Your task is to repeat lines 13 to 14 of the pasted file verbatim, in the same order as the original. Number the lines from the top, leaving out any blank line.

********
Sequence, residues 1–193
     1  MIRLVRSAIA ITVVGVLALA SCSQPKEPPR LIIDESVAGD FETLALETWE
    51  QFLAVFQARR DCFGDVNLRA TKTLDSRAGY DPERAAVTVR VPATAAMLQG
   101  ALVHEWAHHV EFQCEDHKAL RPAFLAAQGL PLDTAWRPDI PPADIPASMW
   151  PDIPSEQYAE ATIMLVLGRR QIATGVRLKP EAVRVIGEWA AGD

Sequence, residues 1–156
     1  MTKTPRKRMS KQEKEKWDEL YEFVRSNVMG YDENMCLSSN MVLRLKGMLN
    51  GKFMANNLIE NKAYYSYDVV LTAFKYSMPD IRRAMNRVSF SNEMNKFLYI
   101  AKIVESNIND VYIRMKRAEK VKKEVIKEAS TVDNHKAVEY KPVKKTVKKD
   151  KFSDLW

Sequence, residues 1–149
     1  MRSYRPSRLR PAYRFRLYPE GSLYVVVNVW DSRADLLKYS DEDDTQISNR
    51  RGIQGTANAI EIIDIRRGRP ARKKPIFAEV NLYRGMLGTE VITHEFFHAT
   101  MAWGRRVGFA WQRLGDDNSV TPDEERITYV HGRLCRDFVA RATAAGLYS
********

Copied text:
    51  RGIQGTANAI EIIDIRRGRP ARKKPIFAEV NLYRGMLGTE VITHEFFHAT
   101  MAWGRRVGFA WQRLGDDNSV TPDEERITYV HGRLCRDFVA RATAAGLYS